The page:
Macau is a city and special administrative region of The People’s Republic of China. While it is a part of the PRC, it has its own legal and regulatory framework with respect to data privacy and protection. One of the main legislative instruments is the Personal Data Protection Act (Act 8/2005). It lays down the principles and grounds that data controllers and processors must follow when handling personal data within the jurisdiction of the city.
The act’s key provisions include: Transparency – Data processing must be transparent and in strict compliance with the privacy of data subjects. Lawful basis – Personal data may only be collected and processed for lawful purposes that are determined by data controllers or processors. Purpose limitation – Personal data must be collected for only the purposes outlined in the data processing agreement. It is against the law to collect or process personal information for other purposes.
Another important aspect of the act is the requirement for data processing to be carried out with the consent of the data subject. In the case of online gaming, the operator must obtain the consent of the player prior to allowing the gamer to play. Moreover, the operator must notify the user of the purpose for which the personal information is being collected and must give the option to decline or opt out of the use of his or her personal information for such purposes.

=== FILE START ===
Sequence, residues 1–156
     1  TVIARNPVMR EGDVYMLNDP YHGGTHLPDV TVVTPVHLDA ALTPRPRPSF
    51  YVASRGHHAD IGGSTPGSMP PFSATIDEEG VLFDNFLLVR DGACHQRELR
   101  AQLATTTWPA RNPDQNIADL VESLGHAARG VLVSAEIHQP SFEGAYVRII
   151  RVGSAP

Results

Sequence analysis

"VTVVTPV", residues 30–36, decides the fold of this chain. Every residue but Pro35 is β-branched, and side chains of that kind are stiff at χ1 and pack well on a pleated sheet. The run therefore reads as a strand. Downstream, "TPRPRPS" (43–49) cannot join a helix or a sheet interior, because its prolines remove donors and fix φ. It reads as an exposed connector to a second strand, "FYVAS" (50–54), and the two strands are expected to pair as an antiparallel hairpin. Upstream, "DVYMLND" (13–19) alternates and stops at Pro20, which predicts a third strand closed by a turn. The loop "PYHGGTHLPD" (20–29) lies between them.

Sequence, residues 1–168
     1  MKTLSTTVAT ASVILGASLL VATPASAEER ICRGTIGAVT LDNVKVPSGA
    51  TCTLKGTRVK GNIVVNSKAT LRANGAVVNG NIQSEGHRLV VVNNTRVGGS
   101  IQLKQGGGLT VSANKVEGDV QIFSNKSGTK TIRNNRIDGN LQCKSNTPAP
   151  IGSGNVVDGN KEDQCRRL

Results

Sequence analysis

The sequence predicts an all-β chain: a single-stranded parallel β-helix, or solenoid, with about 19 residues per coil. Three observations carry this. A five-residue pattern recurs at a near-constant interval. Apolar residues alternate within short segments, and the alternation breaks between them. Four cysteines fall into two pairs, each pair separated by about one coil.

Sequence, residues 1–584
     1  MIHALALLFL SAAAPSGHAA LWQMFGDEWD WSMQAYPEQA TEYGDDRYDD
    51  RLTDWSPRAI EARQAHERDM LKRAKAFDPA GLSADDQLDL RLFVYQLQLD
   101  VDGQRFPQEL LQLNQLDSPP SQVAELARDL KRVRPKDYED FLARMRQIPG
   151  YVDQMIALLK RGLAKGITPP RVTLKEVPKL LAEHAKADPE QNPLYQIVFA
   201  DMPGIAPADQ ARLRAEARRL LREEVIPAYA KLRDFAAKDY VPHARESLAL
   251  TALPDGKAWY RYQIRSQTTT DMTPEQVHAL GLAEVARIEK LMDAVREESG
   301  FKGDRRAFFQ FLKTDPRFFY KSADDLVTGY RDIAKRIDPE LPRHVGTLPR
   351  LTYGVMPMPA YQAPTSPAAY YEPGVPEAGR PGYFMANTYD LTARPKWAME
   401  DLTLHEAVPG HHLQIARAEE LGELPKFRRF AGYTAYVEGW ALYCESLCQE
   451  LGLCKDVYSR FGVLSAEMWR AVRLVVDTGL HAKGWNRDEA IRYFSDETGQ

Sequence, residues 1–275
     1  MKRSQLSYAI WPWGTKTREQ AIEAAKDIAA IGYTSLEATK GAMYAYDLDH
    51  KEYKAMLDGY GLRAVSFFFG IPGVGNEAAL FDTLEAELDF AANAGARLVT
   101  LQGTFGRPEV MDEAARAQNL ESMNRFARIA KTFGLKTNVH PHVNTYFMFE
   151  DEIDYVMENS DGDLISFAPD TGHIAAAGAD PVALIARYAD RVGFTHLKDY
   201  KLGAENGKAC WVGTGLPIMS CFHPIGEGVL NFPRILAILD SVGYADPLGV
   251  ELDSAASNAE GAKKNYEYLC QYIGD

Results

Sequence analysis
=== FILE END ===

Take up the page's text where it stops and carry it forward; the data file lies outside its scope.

Lastly, the act requires that personal data be accurate, complete and up-to-date. In addition, it must be stored securely and accessible only to those who have the right to access it. During my smart tourism-related interviews with various professionals from academia and industry in 2019, almost all of them mentioned that the government should take up the leading role in the development of smart tourism. Hence, the availability of open data is essential for this endeavor to succeed.
To this end, the Macau SAR Government Open Data Platform was launched in 2019 as a single point of entry for data provided by various government entities. Currently, the platform hosts around 40 datasets. This includes a variety of geospatial, statistical and socioeconomic data about the territory and its residents.
To facilitate the use of this information, the platform is designed with a clean and intuitive interface. Users can browse through the datasets by category or search for specific data using the search box. In addition, they can find details of each dataset’s source and creator through links to the respective websites. In this way, they can make more informed decisions when making tourism decisions. In fact, this will be especially beneficial for small and medium-sized enterprises which are often unable to afford expensive consultants. Lastly, the platform also makes it easier for citizens to monitor and control the collection of personal data by public bodies.